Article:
The SEI helps advance software engineering principles and practices and serves as a national resource in software engineering, computer security, and process improvement. The SEI works closely with defense and government organizations, industry, and academia to continually improve software-intensive systems. Its core purpose is to help organizations improve their software engineering capabilities and develop or acquire the right software, defect free, within budget and on time, every time.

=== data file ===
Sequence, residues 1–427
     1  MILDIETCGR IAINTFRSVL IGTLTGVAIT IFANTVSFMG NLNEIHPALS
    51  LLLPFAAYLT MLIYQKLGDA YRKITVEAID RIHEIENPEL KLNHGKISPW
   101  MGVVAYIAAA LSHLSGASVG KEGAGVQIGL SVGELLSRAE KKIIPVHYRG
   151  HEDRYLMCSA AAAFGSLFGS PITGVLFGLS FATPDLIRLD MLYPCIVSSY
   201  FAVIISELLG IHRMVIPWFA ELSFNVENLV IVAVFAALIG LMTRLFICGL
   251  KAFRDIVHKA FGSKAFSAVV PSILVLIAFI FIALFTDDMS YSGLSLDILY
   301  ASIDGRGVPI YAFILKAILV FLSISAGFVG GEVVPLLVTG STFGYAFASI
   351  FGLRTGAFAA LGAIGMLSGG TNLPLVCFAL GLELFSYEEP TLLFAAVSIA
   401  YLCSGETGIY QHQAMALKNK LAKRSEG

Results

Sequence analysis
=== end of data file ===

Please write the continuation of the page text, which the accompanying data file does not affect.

This paper was presented at Securing and Trusting Internet Names 2012 (Teddington, UK). There are two distinct problems in determining the impact of passive DNS (pDNS) on end-user privacy. One is whether or not pDNS would allow the observer to reconstruct an individual end-user’s DNS behavior. The other is if DNS behavior constitutes personally identifiable information (PII) or is otherwise legally protected. This paper develops a framework to discuss both aspects of the privacy issue. From the technical point of view, DNS sensor architecture is analyzed and a statistical model is developed to describe the sensor’s ability to violate end-user privacy. To the other end, a review of various jurisdictions’ privacy legislation is presented and analyzed in the context of DNS as a system and pDNS as a collection mechanism. In general, we find that pDNS, properly configured, does not violate end-user privacy.